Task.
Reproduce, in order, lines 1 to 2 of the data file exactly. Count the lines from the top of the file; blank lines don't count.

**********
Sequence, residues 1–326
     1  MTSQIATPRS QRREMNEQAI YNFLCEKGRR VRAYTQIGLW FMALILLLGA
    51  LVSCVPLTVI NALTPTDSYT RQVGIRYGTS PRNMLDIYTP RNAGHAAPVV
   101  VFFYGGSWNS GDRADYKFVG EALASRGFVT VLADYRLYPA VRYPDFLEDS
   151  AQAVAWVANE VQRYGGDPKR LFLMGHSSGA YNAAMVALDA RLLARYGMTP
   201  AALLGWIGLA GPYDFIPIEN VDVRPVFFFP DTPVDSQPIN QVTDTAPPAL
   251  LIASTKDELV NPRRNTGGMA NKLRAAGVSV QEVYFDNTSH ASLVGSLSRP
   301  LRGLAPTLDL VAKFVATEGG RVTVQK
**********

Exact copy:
Sequence, residues 1–326
     1  MTSQIATPRS QRREMNEQAI YNFLCEKGRR VRAYTQIGLW FMALILLLGA